‘Rainbow, rainbow,
Brack an gang hame,
Yir father an yir mither’s aneth the layer stehn ;
Yir coo’s calvt, yir mare’s foalt.
Yir wife ‘ill be dead
Or ye win hame.’9“The English Dialect Dictionary, Being the Complete Vocabulary of All Dialect Words Still in Use, or Known to Have Been in Use during the Last Two Hundred Years; Founded on the Publications of the English Dialect Society and on a Large Amount of Material Never before Printed”. In six volumes edited by Joseph Wright, 1898. Volume III. Internet Archive, 2014, https://archive.org/details/englishdialectdi03wriguoft. Accessed 10 Apr. 2021.

There was a belief amongst northern children that it was possible to ‘cross out‘ a rainbow. In Yorkshire, a charm for boys would be to take two pieces of stick and lay them on the ground, placing a small stone at the end of each stick, supposedly causing the rainbow to disappear.  In the West Riding, the belief was that it was just as effectual if the fore-fingers of each hand were crossed. Further north, in Northumberland and Durham, straws were similarly placed crossing on the ground but had to be struck where they cross three times with a stone. If one of the straws was broken by the blow, the rainbow was expected to break immediately after10“The English Dialect Dictionary, Being the Complete Vocabulary of All Dialect Words Still in Use, or Known to Have Been in Use during the Last Two Hundred Years; Founded on the Publications of the English Dialect Society and on a Large Amount of Material Never before Printed”. In six volumes edited by Joseph Wright, 1898. Volume I. Internet Archive, 2014, https://archive.org/details/englishdialectdi01wriguoft. Accessed 10 Apr. 2021..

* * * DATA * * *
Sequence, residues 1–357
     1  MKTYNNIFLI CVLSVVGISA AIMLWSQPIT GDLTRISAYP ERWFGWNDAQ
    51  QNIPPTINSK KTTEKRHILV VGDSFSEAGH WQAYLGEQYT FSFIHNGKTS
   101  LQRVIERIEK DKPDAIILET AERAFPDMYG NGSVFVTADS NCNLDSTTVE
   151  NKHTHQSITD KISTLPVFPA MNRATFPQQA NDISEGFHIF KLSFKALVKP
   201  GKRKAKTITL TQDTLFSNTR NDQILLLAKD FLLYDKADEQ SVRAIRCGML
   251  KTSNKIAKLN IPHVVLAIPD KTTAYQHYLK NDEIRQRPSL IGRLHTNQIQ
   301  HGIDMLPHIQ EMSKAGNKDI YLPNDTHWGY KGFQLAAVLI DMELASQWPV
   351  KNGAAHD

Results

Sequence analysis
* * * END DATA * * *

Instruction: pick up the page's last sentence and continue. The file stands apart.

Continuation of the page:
• 1
    “The English Dialect Dictionary, Being the Complete Vocabulary of All Dialect Words Still in Use, or Known to Have Been in Use during the Last Two Hundred Years; Founded on the Publications of the English Dialect Society and on a Large Amount of Material Never before Printed”. In six volumes edited by Joseph Wright, 1898. Volume I. Internet Archive, 2014, https://archive.org/details/englishdialectdi01wriguoft. Accessed 10 Apr. 2021.
  • 2
    “The English Dialect Dictionary, Being the Complete Vocabulary of All Dialect Words Still in Use, or Known to Have Been in Use during the Last Two Hundred Years; Founded on the Publications of the English Dialect Society and on a Large Amount of Material Never before Printed”. In six volumes edited by Joseph Wright, 1898. Volume V. Internet Archive, 2014, https://archive.org/details/englishdialectdi05wriguoft. Accessed 10 Apr. 2021.